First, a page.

I am falling apart. My body is crumbling into nothing more than a pile of human dust. Granted, it is ruggedly handsome human dust, but human dust nonetheless. What is to blame for this human disintegration?
Why, of course it would be my attempts at health.
Months ago, I decided to get into shape. I don’t know what brought it on, honestly. Maybe I decided I didn’t like the way I felt. Maybe it was the fact that every time I called People Magazine to submit my name for “Sexiest Man Alive,” they would abruptly and quite rudely hang up on me.
No matter the reason, I did it. I exercised and ate healthy and soon I had lost the weight of a small child or, if you would prefer, a very large ham. Or, for that matter, an incredibly small child holding a moderately sized ham. Really, there are dozens of ham/child combinations to compare my weight loss to. I had become a fraction of the person I previously was.
According to everyone in the world, this should make me feel good. People will spout off things like “I bet you feel like you have more energy.” Well, I do not. I do not feel good at all. In fact, I feel tired and, quite frankly, a bit sore. I have spent the better part of the day walking like an old man desperately in need of a hip transplant because apparently running is a thing healthy people are supposed to do.
Yes, now I am obligated to exercise and eat healthy every day. If I don’t, the last few months of work will be all for naught. I will have to replace my new clothing with much bigger and less flattering clothing. It has become a daily torture that I must endure.
To make things even worse, apparently all healthy people want to do is discuss being healthy. As I am now forced into the group, I must endure this daily. The other day, a girl I know was talking about her new workout regimen.
“I just feel so great!” she declared with the gusto that people who love to workout often have. She looked towards me for reassurance that this is the proper emotion. I just scoffed, shook my head, then slowly limped away. Another coworker decided to suggest a new workout for me. It’s called “Insanity.” Apparently he missed the memo that I refuse to do any sort of physical activity that implies the user must be mentally ill to participate. If it was called “Sane and Fairly Realistic,” then I might give it a shot.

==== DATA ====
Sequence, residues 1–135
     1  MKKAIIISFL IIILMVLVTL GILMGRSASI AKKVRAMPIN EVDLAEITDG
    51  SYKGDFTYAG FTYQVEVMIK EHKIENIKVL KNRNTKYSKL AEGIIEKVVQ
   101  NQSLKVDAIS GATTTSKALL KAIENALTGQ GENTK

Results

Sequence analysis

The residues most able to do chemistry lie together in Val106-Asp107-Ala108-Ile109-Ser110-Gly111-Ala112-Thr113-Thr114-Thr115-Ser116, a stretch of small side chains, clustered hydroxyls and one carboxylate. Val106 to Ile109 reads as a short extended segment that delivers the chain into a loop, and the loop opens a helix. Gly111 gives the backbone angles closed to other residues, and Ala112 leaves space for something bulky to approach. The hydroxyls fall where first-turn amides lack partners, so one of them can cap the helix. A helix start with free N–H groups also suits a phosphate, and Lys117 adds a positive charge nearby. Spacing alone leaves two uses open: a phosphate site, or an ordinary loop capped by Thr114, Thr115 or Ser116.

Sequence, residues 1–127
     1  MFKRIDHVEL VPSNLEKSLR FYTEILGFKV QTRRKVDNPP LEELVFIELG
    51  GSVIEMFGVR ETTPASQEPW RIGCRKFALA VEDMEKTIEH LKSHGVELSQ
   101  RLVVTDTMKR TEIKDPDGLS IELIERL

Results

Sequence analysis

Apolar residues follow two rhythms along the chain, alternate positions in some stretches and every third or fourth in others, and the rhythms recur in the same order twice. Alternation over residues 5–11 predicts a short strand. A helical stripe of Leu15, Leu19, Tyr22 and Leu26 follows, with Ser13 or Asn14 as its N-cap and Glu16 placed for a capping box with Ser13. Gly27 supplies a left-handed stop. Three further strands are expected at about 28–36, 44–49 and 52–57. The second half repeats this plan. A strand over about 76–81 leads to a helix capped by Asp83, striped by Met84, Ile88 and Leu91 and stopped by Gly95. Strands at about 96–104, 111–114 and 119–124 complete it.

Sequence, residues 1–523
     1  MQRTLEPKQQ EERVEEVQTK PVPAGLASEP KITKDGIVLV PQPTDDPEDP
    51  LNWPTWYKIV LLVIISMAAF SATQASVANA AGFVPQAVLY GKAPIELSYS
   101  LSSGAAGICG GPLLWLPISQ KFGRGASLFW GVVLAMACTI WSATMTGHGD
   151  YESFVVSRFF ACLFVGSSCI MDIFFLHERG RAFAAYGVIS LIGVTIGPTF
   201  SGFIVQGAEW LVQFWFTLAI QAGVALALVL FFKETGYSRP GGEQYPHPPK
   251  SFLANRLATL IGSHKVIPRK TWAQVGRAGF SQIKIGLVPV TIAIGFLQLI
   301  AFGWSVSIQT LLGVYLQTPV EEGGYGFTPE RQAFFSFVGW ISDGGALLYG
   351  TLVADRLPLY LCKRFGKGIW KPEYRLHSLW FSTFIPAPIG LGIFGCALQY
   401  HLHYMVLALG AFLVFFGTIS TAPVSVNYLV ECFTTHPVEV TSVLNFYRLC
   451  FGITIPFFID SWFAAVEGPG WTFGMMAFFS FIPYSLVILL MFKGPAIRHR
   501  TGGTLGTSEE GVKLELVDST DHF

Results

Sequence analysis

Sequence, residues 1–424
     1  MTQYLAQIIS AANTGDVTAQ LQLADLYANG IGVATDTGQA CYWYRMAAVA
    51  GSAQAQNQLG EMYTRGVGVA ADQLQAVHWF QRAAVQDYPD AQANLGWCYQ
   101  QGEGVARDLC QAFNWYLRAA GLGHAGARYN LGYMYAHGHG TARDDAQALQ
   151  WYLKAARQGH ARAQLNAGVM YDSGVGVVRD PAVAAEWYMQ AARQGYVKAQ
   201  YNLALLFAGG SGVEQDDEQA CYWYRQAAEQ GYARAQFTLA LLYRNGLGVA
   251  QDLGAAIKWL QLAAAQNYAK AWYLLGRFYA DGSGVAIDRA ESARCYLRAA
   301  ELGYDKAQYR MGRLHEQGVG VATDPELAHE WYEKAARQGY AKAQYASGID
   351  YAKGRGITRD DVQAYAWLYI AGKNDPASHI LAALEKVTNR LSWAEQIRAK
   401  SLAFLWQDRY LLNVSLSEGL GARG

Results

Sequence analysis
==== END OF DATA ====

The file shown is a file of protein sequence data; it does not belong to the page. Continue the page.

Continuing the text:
Then there is the food. All I have wanted for the last few months is pizza. I want a pizza so badly that if I were to find a magical wish granting genie, I would blow through all of my wishes by asking for some Papa John’s.
“No, but you can make the crust out of cauliflower,” someone told me. Then they proceeded to tell me how it was an okay substitute for an actual pizza. I feel incredibly certain that if I were to eat this magical cauliflower crust pizza, the only result would be me still wanting pizza and me despising the person who suggested this as a substitute. There is a reason pizza crust is made the way it is. That would be because it is delicious. Cauliflower is decidedly not delicious.
While we’re at it, I would like to set a ground rule. If you have something interesting to tell me about healthy foods and that interesting thing is a way to prepare quinoa, you are now no longer to be in my presence. If I wanted to eat something that was the texture of very dry soil, I would just go dig up my backyard. It would be a lot cheaper than quinoa and I wouldn’t be forced into a trip to Whole Foods for whatever bizarre ingredient is used to soup up a dreary pile of whole grains.
Maybe I should just give up and drift into a joyous sea of pizza and TV until the day that my body, filled with saturated fats and cholesterol, cries “uncle.” Sure, my life would be much shorter, but imagine how happy I would be with greasy cheese all over my dopey pizza-infused grin.
Besides, apparently my body is going to fall apart either way. I’m pretty sure I would rather it was pizza that killed me than a treadmill.